At noon, Seattle’s Westlake Park bustles with business professionals lining up at gourmet food trucks, tourists clutching shopping bags who flow to and from stores like Nordstrom and Zara, and others playing with oversized chess pieces scattered throughout the space.
But peer through a pair of bronze binoculars placed on a pedestal at the center of the plaza, and you’ll see a much different Seattle: an image of that very spot 53 years earlier, when only one major building stood here.
The installation, conceived by urban planner and landscape designer Erica Bush, captures the mood in Seattle, where residents and local leaders alike are grappling with the rise of unprecedented prosperity and severe inequality.
“Seattle in some ways wants to remain a small town,” says Ms. Bush, who created the art installation as part of Seattle’s Design Festival. “It’s struggling to figure out how compassion fits in with the major influx of money.”
The Emerald City stands at a moment of roaring success. Construction cranes pepper the skyline, creating offices for Amazon, Facebook, and Google. Median household income grew faster here than in any of the 50 most populous American cities last year, according to the Census Bureau.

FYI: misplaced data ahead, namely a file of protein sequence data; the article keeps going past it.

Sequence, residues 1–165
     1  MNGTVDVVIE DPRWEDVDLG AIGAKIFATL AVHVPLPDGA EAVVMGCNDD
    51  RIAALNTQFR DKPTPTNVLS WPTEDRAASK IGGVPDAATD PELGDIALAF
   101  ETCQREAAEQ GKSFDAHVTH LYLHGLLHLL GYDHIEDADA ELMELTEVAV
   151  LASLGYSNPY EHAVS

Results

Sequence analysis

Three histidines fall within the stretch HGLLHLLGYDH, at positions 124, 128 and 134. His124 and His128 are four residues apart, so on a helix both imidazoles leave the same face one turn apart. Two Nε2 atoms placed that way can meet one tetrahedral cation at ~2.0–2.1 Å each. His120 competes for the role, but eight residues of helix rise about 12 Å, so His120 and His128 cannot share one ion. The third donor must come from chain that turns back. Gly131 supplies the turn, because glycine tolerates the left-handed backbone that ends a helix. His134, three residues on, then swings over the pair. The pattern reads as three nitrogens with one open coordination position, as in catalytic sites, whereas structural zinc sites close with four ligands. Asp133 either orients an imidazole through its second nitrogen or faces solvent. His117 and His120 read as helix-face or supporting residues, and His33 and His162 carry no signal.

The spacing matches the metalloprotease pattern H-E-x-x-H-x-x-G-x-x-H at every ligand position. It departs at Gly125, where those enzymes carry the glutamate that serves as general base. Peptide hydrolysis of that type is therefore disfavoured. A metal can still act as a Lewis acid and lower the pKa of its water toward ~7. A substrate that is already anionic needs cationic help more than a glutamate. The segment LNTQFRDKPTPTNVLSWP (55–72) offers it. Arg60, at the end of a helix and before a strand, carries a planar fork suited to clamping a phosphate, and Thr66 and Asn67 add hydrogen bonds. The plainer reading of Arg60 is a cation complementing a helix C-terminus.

Yet that means that fewer middle-class families can afford to buy or rent. Historically black neighborhoods dwindle as residents are pushed to cheaper suburbs. And in November 2015 Seattle Mayor Ed Murray declared a homelessness state of emergency after a 21 percent rise in the annual count of people without shelter, to nearly 10,000.
In the city that gave birth to grunge, where lumberjack flannel reigns, many worry about its soul slipping away. They fear growth will push out all but the extremely wealthy and the city will awake as “the next San Francisco,” a tech-dominated metropolis where middle-class dreams wither.
“From the time Seattle was founded, it’s always been looking at San Francisco as both something to compete with and as a cautionary tale,” says Fred Moody, author of “Seattle and the Demons of Ambition,” a chronicle of Seattle’s recent history.
Other prosperous cities in the United States, from Atlanta to New York, face similar equity gaps between haves and have-nots. Yet Seattle faces a particular challenge to its self-image as a progressive city where anyone can thrive. So Seattle’s mayor and city council have launched a battery of liberal policy experiments, from the nation’s first $15 minimum wage in a major city to a law requiring landlords to rent to the first qualified applicant to avoid discrimination.